Cold weather workers brave the NYC cold.|Carlos Llamas, Metro1/3 Cold weather workers brave the NYC cold.|Carlos Llamas, Metro
Cold weather workers brave the NYC cold.|Carlos Llamas, Metro2/3 Cold weather workers brave the NYC cold.|Carlos Llamas, Metro
Boris Kaziyev inside a cart in lower Manhattan.|Carlos Llamas, Metro3/3 Boris Kaziyev inside a cart in lower Manhattan.|Carlos Llamas, Metro
When temperatures drop, New Yorkers who work outside all day have no choice but to bundle up, get cracking and daydream about the spring.
The temperature Thursday morning, just before 10, was about 18 degrees, but a brisk wind made it feel closer to five below.
Anthony Diaz, 30, was about an hour into his day selling bus tour tickets on the corner of Broadway and Bowling Green.
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“We’re like warriors,” Diaz said. “If things are functioning and running, we’re out here. I’m not afraid of the cold at all.”
Diaz, who has been working outside for about three years, said he knows how to dress to stay warm, and takes a break about every hour to warm up or grab a coffee.
“Today I have on Under Armour, pajama pants, sweatpants, sweatpants, a pair of jeans, two pairs of socks, three layer boots, two hoodies, two t-shirts, three thermals, one sweatshirt, one wifebeater and a spandex shirt on the bottom,” Diaz said. “I’m pretty warm.”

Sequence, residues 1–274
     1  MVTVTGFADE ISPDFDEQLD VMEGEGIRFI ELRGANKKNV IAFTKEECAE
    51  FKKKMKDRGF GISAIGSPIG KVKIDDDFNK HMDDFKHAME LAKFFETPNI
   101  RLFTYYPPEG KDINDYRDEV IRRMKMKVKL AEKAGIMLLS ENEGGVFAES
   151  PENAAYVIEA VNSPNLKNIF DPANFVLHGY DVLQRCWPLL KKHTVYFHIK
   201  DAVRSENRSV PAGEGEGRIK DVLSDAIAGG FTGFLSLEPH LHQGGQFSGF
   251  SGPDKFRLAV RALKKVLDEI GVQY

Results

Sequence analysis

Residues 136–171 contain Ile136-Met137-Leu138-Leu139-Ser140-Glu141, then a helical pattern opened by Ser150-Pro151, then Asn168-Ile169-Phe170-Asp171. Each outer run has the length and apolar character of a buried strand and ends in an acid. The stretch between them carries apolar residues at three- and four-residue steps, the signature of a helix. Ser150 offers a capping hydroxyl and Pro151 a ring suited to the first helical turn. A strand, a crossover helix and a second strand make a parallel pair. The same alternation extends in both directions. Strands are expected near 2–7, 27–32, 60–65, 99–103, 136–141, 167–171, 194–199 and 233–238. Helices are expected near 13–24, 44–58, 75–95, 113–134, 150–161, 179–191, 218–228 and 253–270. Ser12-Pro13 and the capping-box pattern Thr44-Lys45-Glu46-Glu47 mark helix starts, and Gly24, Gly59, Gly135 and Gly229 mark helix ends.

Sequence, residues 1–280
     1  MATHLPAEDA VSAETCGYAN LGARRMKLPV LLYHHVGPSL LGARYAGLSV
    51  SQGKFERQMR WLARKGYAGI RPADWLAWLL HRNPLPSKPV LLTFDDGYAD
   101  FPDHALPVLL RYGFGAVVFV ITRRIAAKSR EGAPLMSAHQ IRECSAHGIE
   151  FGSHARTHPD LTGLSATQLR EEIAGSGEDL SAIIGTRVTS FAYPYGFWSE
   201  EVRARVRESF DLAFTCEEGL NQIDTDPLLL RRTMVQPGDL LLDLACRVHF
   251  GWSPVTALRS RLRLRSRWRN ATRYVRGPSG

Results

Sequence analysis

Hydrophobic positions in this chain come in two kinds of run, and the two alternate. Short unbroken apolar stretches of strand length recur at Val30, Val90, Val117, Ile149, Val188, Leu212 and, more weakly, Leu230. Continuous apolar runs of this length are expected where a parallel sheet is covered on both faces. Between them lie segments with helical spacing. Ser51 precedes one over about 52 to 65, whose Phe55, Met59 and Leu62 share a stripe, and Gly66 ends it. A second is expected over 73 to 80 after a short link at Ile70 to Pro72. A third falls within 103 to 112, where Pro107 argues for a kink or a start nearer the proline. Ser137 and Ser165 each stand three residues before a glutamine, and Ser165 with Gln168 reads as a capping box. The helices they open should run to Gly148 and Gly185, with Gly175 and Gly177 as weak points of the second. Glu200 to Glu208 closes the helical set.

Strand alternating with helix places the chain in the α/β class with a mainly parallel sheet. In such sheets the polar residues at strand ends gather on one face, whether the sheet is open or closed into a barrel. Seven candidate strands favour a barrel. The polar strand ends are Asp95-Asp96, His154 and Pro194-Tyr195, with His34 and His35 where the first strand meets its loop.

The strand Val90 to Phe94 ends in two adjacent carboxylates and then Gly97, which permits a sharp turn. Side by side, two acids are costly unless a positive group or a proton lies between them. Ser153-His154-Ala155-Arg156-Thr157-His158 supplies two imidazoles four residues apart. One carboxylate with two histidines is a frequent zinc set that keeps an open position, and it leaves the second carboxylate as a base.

Boris Kaziyev, who was selling hot dogs, shish kebab and coffee from the comparative luxury of inside a food cart, said he just needs to wear two pairs of pants to stay warm on freezing days.
“I like the hot days but I need to work,” said the 10-year street cart veteran, who works five days a week.
Anthony Phillips, who stood gloveless outside the Bowling Green station directing tourists to the Statue of Liberty said it was his first winter on the job.
“I’m layered up, I got on two pairs of long johns, two pairs of pants, gloves and hat and I come out,” Phillips said. “I don’t leave until the last boat leaves at 4 o’clock.”
Phillips, 58, said he’s thankful for the work, because he used to be homeless and made his money panhandling on the trains.
“This is great excitement, I like this,” Phillips said. “I dont want to do that (panhandle) anymore, when you can make an honest dollar.”